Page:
Part of the new breed of aggressive young female property investors

Expat investors take advantage of falling Australian dollar
July 1, 2015

Part of the new breed of aggressive young female property investors

At 25 years of age Natasha Choi is one of Australia’s youngest female investors, already boasting four properties in her fast growing portfolio.

The daughter of emigrants, who settled in Australia in the 1980s, Natasha’s decision to invest, grew out her desire to one day own her dream home. Wealth accrued from an effective property investment strategy would provide that pathway.

An investment lender with Melbourne based Australian Lending & Investment Centre (ALIC), Natasha embarked on her property investment odyssey in November 2012. She was 22 at the time.

ALIC is a financial brokerage specialises in assisting investor clients structure their loans correctly.

Although Natasha shares her property portfolio with her long-time partner, she is very much the one driving the investment decisions.

With the help of Property Performance Advisory, Natasha acquired her first property on the outskirts of Geelong. Determined to purchase something ‘closer to home’ and not buy interstate, she settled on a three-bedroomed home on a large block.

Say Natasha: “At $300,000 it made for a fantastic ‘first’ investment as it didn’t leave me highly geared. Although it didn’t have enormous capital growth prospects, it would provide me with the opportunity for further development down the track. Another big plus was the fact that it would be a solid rental property, allowing for a more than satisfactory yield.”

Buoyed by the confidence of her first investment and ready to spread her wings interstate, less than a year later she purchased an apartment 5km from Sydney’s CBD. Given the strong performance of the Sydney market, within eight months of purchase, the property had already grown in value by 8 per cent. Currently it is 21 per cent up on its purchase price.

The equity from this property enabled Natasha to purchase a townhouse within a close radius of Brisbane’s CBD. Brisbane is currently one of Australia’s top capital city performers.

In 2014, at the encouragement of PPA she purchased her second Brisbane property – a house very close to the city centre. The latter grew by 10 per cent in just 10 months.

Natasha strongly believes that a sound strategy has been key to the successful performance of her property portfolio. “PPA has not only encouraged me to invest in capital cities enjoying strong capital growth but also to balance my portfolio, selecting a mix of houses and apartments across multiple capital cities, avoiding the temptation of investing in the Melbourne market only.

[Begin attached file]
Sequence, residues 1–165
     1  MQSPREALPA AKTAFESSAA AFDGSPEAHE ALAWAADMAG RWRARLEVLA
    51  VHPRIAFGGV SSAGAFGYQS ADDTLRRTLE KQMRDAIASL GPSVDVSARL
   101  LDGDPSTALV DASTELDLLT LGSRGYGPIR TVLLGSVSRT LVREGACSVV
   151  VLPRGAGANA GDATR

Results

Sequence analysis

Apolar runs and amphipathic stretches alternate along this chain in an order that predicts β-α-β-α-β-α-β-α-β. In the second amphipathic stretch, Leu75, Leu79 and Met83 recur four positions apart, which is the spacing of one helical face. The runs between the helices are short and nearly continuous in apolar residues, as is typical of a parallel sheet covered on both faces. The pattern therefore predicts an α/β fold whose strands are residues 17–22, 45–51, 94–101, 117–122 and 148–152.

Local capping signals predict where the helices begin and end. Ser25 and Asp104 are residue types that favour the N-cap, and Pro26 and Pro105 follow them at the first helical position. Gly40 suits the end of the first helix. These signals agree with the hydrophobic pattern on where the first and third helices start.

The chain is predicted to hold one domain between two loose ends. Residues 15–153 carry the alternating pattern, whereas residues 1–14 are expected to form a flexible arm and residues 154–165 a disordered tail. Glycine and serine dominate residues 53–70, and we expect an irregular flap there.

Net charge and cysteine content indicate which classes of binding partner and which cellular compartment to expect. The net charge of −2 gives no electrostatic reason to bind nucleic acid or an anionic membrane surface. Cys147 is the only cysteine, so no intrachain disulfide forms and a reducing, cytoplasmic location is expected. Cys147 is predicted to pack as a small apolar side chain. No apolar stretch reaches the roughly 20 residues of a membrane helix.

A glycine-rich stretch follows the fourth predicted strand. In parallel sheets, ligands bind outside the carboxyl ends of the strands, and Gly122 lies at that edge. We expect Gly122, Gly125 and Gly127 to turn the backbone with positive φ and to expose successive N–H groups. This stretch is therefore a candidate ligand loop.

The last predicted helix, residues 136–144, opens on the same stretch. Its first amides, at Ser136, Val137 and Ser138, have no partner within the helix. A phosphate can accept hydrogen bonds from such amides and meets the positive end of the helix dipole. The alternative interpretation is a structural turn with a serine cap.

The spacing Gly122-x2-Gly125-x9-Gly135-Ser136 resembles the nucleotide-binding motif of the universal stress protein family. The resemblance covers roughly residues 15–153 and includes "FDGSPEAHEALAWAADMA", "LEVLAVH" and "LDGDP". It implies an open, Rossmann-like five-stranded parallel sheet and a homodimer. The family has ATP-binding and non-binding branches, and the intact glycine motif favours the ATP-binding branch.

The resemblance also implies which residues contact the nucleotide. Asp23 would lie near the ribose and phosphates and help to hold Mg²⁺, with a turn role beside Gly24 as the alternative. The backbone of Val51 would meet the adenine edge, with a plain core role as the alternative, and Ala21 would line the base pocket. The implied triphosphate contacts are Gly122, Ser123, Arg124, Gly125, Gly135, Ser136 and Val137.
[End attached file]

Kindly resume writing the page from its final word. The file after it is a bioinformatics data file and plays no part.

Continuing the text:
“Their recommendations have truly paid off. On top of continued growth, my properties have also proved to be wonderful rental vehicles given their proximity to cities and the buoyancy of the rental markets in these locations.”


What is her advice to other young women?

“Get in early,” she says. “Don’t wait until you’re married or have children. Ideally start thinking about investing as soon as you draw your first pay check. Being young gives an extended horizon and time to ride out any risks.

“However don’t just jump in wildly. Do your research, know what you’re buying and find out where the growth markets are because gone are the days when you grew your wealth by buying any old property, hoping it would go up in value.”

She says taking on some debt to buy assets is not a bad thing, provided you understand and manage your cash flows effectively.

“This comes down to understanding how much risk you are prepared to take and implementing risk minimisation strategies such as locking away a portion of your loans at a known rate, knowing exactly where your money is going from the moment it hits your bank account, setting a minimum rental yield when starting your property search and understanding the running costs of your properties.

“If you manage these things effectively, you will quickly discover that having an investment portfolio does not require you to forego nights out and that holiday overseas. You can absolutely have fun and grow your wealth at the same time. I do.”

Natasha also strongly advocates working closely with a professional in the industry and not going it alone. “For me, it’s been PPA which has been by my side every step of the way – advising me, helping me select and purchase the best properties, then regularly reviewing the performance of these properties, ensuring they continue to perform.